c. Purification and characterization of human pro-ANVP (26-151) from E. Coli.
E. coli E103S containing phNF-233 were grown in Luria-Bertani media supplemented with ampicillin (100 μg/ml) at 37° C. overnight. Ten milliliters of the culture was diluted into 1000 ml of media containing minimal salts and supplements as described in Section IV.5.b and grown at 37° C. to a cell density corresponding to 0.1 A550. At this time 3-β-indoleacrylic acid was added from a 10 mg/ml ethanolic solution to a final concentration of 25 μg/ml. The cells were allowed to grow until a cell density corresponding to 1.0 A550 was reached at which time the cells were collected by centrifugation at 7,000 rpm at 4° C. The cell pellets were resuspended in an ice-cold solution of 10 mM Tris-HCl, pH 8, and centrifuged as before. The washed cell pellet was resuspended in 40 ml of an aqueous solution containing 1 M acetic acid and 20 mM HCl. The cells were disrupted using a Heat Systems-Ultrasonics Inc. Model W-225-R sonicater at 0° C. The suspension was then incubated in a closed container in a boiling water bath for 5 min. followed by centrifugation at 12,000 rpm at 4° C. for 20 min. The supernatant (termed acid extract) was removed and applied to a 2.5 cm×100 cm column containing Sephadex® G-10 (Pharmacia) which had been equilibrated with 10 mM Tris-HCl, pH 7.5 and 1 mM EDTA. Resulting immunoreactive fractions, as detected by a specific ANVP radioimmunoassay (see Section V), were pooled and dried by lyophilization. The dried fractions were resuspended in 0.5 M acetic acid and applied to a 2.5×50 cm column containing Sephadex® G-10 previously equilibrated in 0.5 M acetic acid.
Resulting immunoreactive column fractions were pooled and lyophilized. The dried material was brought up in approximately 4 ml of distilled water and submitted to high performance liquid chromatography HPLC purification. The material was applied to a 1×25 centimeter Vydac C18 column (Vydac 218TP1010) using a Perkin-Elmer Series 4 LC injector and solvent delivery system (Perkin-Elmer). The bound material was washed for 2 minutes with aqueous 15% acetonitrile (CH3 CN) and 0.1% trifluoroacetic acid (TFA) which was followed by the development of a linear gradient of CH3 CN and 0.1% TFA from 15:85 to 60:40 over 45 minutes. Aliquots from 1 minute fractions were collected and portions dried and assayed for immunoreactivity using an anti-ANVP radioimmunoassay as described. The peak of immunoreactivity was subsequently collected and dried in vacuo. The dried material was resuspended in water and dried again by lyophilization.
One hundred pmoles of material was submitted to automated amino acid sequence analysis using a Model 470A protein sequenator (Applied Biosystems Inc.). The first 18 amino acids analyzed were: Met-Asn-Pro-Met-Tyr-Asn-Ala-Val-Ser-Asn-Ala-Asp-Leu-Met-Asp-Phe-Lys-Asn-. No other detectable impurities could be observed from this analysis. SDS-polyacrylamide gel analysis, as described in section IV.2.b, also revealed no other detectable impurities of the purified material which migrated with an apparent molecular size of 18,000 daltons. From the sequence analysis of this polypeptide described above it was concluded that this polypeptide corresponds to full length human (26-151) pro-ANVP with an additional amino-terminal methionine and contains undetectable contamination from bacterial polypeptides.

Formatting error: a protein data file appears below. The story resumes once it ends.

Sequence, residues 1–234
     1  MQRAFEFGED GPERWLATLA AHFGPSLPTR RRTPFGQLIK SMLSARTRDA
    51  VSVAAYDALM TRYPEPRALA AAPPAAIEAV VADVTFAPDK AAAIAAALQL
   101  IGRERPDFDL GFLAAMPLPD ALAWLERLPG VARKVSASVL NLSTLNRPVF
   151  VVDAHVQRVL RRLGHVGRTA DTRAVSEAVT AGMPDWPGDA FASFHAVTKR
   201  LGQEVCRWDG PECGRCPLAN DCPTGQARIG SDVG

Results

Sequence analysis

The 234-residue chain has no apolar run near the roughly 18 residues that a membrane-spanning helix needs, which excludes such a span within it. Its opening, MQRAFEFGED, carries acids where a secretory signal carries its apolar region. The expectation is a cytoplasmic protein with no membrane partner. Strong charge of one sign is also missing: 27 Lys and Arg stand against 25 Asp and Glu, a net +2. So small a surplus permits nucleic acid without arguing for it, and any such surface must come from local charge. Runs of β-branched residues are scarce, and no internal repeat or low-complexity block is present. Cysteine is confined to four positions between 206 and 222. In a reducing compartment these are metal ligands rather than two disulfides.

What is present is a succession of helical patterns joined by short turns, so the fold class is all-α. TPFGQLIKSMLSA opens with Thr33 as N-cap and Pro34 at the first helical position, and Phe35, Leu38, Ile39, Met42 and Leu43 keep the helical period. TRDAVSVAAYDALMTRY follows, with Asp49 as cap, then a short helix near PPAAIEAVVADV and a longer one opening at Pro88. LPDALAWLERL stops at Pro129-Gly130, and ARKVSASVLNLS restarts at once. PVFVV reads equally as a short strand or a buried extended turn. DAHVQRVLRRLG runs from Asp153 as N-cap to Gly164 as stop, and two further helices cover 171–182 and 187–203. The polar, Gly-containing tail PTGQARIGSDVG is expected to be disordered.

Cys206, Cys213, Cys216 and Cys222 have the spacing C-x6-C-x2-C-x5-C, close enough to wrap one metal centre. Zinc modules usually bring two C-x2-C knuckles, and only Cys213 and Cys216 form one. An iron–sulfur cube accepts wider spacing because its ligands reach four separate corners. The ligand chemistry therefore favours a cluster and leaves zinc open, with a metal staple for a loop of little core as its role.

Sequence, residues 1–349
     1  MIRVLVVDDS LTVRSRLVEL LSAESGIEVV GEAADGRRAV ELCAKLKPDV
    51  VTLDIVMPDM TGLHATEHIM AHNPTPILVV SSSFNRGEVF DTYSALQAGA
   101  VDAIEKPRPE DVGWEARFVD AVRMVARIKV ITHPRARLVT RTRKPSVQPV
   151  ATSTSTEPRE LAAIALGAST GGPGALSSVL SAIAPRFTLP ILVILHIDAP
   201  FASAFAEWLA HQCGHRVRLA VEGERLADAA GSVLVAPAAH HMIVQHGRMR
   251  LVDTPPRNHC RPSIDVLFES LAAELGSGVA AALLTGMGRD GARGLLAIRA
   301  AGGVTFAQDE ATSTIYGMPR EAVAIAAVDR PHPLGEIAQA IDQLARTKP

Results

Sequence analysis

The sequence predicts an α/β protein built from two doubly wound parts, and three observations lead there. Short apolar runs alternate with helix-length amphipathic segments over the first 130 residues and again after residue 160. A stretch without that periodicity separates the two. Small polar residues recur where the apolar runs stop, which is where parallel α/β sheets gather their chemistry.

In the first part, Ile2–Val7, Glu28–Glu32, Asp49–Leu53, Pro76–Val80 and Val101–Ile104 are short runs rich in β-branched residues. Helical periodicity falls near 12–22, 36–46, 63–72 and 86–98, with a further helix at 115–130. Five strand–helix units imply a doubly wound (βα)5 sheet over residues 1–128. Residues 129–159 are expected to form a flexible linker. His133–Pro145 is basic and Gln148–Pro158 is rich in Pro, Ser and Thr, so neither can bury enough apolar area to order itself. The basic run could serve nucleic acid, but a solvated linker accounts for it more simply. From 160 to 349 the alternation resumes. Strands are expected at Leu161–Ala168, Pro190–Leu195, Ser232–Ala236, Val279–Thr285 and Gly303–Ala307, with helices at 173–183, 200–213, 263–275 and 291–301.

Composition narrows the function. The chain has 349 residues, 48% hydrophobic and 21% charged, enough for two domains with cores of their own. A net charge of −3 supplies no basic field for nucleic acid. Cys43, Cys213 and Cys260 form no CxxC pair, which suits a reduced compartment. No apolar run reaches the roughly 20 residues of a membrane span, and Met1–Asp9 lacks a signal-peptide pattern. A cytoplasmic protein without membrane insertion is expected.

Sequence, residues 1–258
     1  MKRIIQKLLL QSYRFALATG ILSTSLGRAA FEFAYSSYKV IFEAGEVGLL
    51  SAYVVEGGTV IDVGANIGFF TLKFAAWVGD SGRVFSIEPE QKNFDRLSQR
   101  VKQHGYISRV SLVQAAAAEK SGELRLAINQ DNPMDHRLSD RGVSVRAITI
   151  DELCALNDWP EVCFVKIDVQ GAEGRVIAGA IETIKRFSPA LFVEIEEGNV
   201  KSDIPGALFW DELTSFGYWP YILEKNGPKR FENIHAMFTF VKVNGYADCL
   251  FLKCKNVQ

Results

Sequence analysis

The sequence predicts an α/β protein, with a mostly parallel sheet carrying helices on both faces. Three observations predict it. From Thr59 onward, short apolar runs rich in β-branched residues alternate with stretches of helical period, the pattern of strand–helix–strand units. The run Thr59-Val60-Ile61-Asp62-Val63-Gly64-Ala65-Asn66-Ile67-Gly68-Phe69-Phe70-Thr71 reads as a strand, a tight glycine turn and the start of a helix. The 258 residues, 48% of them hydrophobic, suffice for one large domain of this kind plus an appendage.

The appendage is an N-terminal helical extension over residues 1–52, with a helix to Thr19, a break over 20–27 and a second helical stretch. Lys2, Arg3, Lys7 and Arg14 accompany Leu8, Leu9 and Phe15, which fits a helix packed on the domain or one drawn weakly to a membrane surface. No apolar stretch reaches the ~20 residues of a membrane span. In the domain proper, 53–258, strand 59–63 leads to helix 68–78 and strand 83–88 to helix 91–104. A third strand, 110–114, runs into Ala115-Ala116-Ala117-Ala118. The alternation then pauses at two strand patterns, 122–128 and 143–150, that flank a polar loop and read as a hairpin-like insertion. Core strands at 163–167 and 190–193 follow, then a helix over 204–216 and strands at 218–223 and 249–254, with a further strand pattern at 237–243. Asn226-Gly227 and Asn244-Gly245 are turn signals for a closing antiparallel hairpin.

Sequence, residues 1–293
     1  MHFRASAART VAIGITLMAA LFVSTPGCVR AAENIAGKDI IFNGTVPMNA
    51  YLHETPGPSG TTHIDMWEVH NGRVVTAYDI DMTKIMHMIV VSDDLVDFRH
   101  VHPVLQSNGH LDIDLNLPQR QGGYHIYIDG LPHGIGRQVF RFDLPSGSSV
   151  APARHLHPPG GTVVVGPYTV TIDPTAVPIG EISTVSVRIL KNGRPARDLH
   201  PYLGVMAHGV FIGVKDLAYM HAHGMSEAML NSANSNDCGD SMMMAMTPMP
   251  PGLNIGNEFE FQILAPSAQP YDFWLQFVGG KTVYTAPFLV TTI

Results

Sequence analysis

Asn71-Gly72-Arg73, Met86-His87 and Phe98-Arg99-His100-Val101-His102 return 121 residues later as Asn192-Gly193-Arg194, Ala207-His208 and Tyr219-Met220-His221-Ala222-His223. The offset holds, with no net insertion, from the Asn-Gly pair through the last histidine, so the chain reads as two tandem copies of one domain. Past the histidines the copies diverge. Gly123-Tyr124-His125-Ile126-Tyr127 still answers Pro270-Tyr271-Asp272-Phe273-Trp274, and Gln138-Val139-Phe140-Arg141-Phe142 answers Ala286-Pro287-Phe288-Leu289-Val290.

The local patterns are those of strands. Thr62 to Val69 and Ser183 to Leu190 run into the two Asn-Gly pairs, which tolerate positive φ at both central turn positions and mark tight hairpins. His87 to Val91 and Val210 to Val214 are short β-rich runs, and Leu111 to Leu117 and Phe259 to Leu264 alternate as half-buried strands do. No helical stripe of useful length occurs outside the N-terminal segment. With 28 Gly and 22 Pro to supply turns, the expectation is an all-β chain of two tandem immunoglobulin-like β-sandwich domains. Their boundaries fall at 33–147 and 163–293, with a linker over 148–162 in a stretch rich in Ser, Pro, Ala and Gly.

B. Expression of Proatrial natriuretic/vasodilator polypeptides and Pre-proatrial natriuretic/vasodilator polypeptides in Saccharomyces cerevisiae
In the examples that follow the expression of various proANVP and ANVP polypeptides in S. cerevisiae are described. In a similar manner any proANVP or ANVP sequence can be expressed in S. cerevisiae.
1. Intracellular expression
Two procedures are disclosed for the preparation of vectors for intracellular expression in the yeast Saccharomyces cerevisiae of cDNA encoding pre-proANVPs, proANVPs and fragments of proANVPs containing mature ANVPs. Each utilizes the strong promoter sequence found in front of the yeast phosphoglycerate kinase (PGK) gene. For the first procedure, the plasmid pNFl was digested with HincII (New England Biolabs). BamHI linker oligonucleotides (8 nucleotides in length Collaborative Research, Inc.) were ligated onto the digestion products, and the resulting molecules were digested with BamHI. The 454 bp fragment from this digest containing the mature ANVP sequence was then purified by 5% polyacrylamide gel electrophoresis and ligated into the BamHI site of the yeast - E. coli vector pYPGK2. This vector was constructed by digesting the yeast - E. coli shuttle vector YEp13 (J. Broach et al., Gene 8:121-133 (1979)) with the restriction enzymes BamHI and HindIII, and then ligating the largest of the restriction fragments obtained to a restriction fragment spanning the promoter region from the yeast PGK gene. The PGK-promoter-containing fragment extends from a HindIII restriction site approximately 1500 base pairs upstream from the ATG start codon of PGK, to a BamHI linker oligonucleotide (8 base pairs in length, Collaborative Research,. Inc.) inserted 28 base pairs downstream from the ATG start codon after BAL-31 digestion from within the PGK coding region.
Using this vector, any sequence of DNA in the pre-proANVP sequence can be inserted and used to express a desired fragment of pre-proANVP. For example, insertion of the 454 bp ANVP-containing fragment into the BamHI linker site in this vector in the correct orientation allows the synthesis of a 78-amino acid-long fusion protein from the PGK promoter (consisting of 9 amino acids from the amino terminus of the PKG gene, 3 amino acids coded for by the linker oligonucleotide, 39 amino acids of the pro-ANVP region, the 25 amino acids of the mature ANVP sequence, and the two arginine residues of the carboxy terminus of the ANVP precursor).